Department of History
225 Harris Hall
1881 Sheridan Road
Evanston, IL 60208
Email: daniel.immerwahr at
I am a scholar of U.S. and global history, specializing in development, empire, and the history of ideas. My first book, Thinking Small (Harvard, 2015), offers a critical account of the United States' pursuit of grassroots development at home and abroad in the middle of the twentieth century. I am now researching another book, How to Hide an Empire, about U.S. overseas territory—colonies, occupation zones, and military bases—in the twentieth century. I have written for Dissent and n+1, and my Erdös number is 5.
My last name is pronounced IM-mer-var.
I have taught at UC Berkeley, Columbia, Northwestern, and San Quentin State Prison. At Northwestern, I offer regular lectures on global history, U.S. foreign relations, and U.S. intellectual history. Click here for my syllabi and teaching schedule.Research
How to Hide an Empire: Geography and Power in the Greater United States (forthcoming 2018)
Thinking Small: The United States and the Lure of Community Development (Harvard, 2015)
Reviews: The Nation, Boston Review"Polanyi in the United States: Peter Drucker, Karl Polanyi, and the Midcentury Critique of Economic Society," Journal of the History of Ideas (2009)
A Japanese translation was published in Gendai shiso (2010)"The Fact/Narrative Distinction and Student Examinations in History," The History Teacher (2008): click here for preprint.
"Caste or Colony?: Indianizing Race in the United States," Modern Intellectual History (2007)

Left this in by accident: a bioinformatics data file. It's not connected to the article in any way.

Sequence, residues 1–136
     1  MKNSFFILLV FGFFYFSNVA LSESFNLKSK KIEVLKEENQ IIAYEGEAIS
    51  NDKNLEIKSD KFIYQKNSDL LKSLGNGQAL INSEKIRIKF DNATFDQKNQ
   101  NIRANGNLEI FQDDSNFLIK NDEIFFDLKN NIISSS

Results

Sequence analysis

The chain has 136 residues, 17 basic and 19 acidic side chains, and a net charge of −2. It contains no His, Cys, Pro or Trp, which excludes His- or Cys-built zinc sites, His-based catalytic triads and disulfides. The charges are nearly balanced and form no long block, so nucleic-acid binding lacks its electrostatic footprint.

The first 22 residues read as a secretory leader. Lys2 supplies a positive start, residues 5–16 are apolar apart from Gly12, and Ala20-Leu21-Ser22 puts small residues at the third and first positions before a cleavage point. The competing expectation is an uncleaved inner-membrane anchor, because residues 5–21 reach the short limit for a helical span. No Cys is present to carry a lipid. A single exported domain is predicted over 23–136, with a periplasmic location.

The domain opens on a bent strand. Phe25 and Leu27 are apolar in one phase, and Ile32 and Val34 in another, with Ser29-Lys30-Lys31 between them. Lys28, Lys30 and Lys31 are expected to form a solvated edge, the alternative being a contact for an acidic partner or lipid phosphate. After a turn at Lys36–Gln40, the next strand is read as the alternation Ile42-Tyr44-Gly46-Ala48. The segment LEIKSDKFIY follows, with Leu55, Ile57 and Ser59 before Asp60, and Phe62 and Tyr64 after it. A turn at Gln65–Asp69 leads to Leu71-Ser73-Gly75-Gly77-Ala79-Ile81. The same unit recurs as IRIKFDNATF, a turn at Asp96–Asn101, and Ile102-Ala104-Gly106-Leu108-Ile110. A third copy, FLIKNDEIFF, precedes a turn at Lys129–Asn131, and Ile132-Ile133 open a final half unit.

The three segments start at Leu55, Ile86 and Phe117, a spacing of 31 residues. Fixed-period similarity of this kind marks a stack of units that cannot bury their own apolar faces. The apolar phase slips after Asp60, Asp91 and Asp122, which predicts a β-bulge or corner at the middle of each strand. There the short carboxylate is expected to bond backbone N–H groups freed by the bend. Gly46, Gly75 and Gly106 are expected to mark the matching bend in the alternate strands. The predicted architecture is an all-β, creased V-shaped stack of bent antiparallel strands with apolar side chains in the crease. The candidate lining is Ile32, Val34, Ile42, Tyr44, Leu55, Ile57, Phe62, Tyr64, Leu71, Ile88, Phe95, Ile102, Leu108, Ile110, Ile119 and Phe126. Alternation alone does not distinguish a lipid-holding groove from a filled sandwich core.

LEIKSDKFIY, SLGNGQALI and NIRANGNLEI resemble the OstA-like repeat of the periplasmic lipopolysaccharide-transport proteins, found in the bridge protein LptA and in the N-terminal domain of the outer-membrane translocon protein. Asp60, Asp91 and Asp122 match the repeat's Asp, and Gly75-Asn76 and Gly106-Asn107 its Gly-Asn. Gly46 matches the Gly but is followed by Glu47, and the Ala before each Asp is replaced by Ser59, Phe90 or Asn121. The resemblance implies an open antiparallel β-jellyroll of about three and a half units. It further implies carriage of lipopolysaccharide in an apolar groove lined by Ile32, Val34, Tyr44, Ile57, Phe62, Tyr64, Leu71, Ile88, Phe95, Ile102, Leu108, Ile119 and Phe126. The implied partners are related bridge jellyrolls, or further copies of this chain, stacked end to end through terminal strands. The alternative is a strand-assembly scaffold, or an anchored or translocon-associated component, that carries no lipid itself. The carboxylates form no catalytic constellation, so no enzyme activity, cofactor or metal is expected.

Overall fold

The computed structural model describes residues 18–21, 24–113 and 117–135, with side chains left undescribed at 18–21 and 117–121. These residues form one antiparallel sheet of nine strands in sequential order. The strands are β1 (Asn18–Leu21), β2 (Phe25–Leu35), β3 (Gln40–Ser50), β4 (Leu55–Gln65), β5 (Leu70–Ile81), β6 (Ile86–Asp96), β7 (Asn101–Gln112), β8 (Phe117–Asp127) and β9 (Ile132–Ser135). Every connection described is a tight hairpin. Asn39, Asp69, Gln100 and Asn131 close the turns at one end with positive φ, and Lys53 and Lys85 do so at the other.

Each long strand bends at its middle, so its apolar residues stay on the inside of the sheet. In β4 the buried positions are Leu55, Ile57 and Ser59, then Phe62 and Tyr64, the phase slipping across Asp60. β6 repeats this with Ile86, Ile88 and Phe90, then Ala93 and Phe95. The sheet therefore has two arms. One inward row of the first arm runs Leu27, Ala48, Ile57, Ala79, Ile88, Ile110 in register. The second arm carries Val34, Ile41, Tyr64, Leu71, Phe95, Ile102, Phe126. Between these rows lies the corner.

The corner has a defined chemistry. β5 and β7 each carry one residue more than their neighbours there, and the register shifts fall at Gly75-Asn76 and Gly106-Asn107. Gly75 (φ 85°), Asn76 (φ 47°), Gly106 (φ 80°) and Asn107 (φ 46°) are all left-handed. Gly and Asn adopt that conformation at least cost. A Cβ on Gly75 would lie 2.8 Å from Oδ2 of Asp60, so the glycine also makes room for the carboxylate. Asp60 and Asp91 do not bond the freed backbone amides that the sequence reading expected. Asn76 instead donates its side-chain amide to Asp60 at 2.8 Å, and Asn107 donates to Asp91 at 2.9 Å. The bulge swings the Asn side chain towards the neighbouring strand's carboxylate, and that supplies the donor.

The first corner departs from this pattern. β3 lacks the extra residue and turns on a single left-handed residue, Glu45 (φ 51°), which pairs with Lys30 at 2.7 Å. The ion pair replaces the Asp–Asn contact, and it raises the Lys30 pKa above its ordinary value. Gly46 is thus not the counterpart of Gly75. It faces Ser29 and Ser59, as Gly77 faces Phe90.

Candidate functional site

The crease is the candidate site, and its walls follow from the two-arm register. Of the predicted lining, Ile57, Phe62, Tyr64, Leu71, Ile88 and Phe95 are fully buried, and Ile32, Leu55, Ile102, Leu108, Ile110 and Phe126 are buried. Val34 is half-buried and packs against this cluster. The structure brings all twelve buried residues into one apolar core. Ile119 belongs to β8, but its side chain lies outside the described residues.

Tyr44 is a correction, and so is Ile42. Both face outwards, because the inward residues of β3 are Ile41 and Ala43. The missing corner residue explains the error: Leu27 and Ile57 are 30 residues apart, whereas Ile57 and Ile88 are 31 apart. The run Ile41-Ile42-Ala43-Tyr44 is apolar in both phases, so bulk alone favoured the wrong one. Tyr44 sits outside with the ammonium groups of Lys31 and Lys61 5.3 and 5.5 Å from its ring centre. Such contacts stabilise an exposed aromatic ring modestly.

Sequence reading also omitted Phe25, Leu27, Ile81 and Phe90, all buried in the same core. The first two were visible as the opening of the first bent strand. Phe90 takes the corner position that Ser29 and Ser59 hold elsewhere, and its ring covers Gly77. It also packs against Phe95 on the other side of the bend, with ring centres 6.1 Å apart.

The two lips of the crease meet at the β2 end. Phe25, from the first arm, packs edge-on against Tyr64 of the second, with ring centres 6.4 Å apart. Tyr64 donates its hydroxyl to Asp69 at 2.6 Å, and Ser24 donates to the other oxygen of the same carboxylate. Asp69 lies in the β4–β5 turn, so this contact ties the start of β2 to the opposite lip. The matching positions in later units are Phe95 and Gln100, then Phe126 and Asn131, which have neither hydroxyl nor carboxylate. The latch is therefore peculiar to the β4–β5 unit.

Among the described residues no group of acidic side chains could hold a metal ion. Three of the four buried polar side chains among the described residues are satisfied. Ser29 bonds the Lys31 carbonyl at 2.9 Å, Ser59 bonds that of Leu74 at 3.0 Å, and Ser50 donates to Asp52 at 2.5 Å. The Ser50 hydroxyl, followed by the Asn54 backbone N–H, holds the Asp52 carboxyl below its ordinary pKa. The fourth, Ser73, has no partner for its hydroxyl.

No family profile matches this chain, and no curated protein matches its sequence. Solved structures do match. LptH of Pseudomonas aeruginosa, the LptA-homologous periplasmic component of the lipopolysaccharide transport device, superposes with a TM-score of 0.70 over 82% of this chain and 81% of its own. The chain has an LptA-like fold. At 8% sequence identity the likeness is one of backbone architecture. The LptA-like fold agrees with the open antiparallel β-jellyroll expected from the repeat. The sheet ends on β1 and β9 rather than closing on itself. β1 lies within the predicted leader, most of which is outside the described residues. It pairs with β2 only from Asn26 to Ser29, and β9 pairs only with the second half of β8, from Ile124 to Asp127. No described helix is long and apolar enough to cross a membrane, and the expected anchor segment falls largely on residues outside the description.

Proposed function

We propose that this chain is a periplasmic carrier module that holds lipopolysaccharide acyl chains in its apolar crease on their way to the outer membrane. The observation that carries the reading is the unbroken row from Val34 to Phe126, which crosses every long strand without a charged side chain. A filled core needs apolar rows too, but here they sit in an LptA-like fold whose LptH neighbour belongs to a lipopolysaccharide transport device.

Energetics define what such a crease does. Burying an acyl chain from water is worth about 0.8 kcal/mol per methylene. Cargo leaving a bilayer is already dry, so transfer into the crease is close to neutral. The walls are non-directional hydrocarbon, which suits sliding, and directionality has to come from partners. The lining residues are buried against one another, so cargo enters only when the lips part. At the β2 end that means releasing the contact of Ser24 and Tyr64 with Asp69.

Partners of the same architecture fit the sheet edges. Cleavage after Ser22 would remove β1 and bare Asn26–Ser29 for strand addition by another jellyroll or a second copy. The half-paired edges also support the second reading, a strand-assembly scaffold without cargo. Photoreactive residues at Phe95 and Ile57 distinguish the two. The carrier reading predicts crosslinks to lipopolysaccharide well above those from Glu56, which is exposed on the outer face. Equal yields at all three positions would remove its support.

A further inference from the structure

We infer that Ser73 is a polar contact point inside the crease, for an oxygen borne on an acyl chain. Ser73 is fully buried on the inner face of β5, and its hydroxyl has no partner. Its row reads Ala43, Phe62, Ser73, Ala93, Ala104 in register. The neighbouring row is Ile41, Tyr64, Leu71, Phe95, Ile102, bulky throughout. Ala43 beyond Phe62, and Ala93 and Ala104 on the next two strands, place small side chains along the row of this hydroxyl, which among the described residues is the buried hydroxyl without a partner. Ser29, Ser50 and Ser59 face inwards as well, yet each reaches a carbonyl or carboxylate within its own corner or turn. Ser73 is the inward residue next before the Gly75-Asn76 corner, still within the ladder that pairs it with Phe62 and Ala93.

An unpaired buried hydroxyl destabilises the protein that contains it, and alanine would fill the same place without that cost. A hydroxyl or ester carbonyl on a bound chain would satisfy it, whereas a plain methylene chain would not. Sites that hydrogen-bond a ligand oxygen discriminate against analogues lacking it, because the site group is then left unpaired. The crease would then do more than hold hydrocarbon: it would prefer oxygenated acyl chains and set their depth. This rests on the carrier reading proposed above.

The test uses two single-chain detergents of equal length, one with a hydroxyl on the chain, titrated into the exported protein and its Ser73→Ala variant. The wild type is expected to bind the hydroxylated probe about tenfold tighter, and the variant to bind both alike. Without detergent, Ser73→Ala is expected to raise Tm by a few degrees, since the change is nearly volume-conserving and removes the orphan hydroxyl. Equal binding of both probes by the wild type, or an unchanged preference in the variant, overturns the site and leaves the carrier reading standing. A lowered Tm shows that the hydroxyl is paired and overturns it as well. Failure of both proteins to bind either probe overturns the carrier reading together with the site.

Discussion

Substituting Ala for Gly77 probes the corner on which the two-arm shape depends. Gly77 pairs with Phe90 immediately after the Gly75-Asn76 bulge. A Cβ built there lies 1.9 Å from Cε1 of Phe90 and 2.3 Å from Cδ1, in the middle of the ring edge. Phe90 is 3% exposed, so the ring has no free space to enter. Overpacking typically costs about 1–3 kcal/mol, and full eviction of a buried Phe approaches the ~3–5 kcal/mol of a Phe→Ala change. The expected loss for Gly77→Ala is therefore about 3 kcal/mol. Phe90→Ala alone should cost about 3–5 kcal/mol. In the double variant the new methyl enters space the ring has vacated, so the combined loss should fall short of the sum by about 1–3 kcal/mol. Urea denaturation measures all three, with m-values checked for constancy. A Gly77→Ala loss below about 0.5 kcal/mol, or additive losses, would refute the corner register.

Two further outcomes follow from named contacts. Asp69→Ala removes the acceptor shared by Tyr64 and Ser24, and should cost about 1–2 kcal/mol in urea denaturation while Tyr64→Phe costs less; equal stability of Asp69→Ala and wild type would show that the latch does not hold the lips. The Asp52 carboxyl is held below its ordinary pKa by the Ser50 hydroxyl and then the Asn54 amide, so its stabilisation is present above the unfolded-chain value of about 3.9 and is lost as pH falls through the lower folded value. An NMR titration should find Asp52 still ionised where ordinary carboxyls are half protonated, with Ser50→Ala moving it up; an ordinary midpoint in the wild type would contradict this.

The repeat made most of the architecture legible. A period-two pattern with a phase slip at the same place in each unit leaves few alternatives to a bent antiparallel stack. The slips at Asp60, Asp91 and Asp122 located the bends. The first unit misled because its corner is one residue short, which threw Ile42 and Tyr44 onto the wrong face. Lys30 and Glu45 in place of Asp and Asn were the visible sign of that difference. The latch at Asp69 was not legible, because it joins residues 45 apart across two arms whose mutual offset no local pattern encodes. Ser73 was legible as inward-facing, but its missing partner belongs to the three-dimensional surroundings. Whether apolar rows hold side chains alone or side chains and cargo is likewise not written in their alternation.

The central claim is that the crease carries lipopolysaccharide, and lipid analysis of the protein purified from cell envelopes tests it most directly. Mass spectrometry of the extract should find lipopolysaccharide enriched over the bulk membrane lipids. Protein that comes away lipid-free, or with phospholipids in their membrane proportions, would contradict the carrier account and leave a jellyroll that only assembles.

Reprinted in India in Bheem Patrika as a three-part series, commencing with the June 2012 issue"The Politics of Architecture and Urbanism in Postcolonial Lagos, 1960-1986," Journal of African Cultural Studies (2007)
"History and the Sciences," co-authored with Philip Kitcher, in Action, Art, History: Engagements with Arthur Danto, ed. Daniel Herwitz and Michael Kelly (Columbia University Press, 2007)
Reprinted in Explanation in the Special Sciences: The Case of Biology and History, ed. Andreas Hutterman, Oliver Scholz, and Marie I. Kaiser (Springer, 2014)
Reviews and essays
"The Thirty Years' Crisis: Anxiety and Fear in the Midcentury United States, " Modern Intellectual History, forthcoming, review of Mark Greif, The Age of Crisis of Man, and Fred Turner, The Democratic Surround
"Growth vs. the Climate," Dissent, Spring 2015
"What Did You Do in the War, Doctor?: On Social Scientists and Social Change," n+1, March 2015, review of Michal Shapira, The War Inside, and Peter Mandler, Return from the Natives
"Charting the Road to Davos: The Rise and Fall of Internationalism," Dissent, Spring 2013
"Modernization and Development in U.S. Foreign Relations," Passport: The Society for Historians of American Foreign Relations Review, September 2012
"The Foundation Statesmen," n+1, August 2012, review of Inderjeet Parmar, Foundations of the American Century
My website, The Books of the Century, lists bestsellers, Book-of-the-Month Club selections, and other notable books for every year of the twentieth century. The New Yorker (well, one of the magazine's blogs) called it "a brilliant blend of aggregation and curation."
I designed a series of grade calculators and rosters that students can use to find and predict their grades and teachers can use to record and calculate course averages.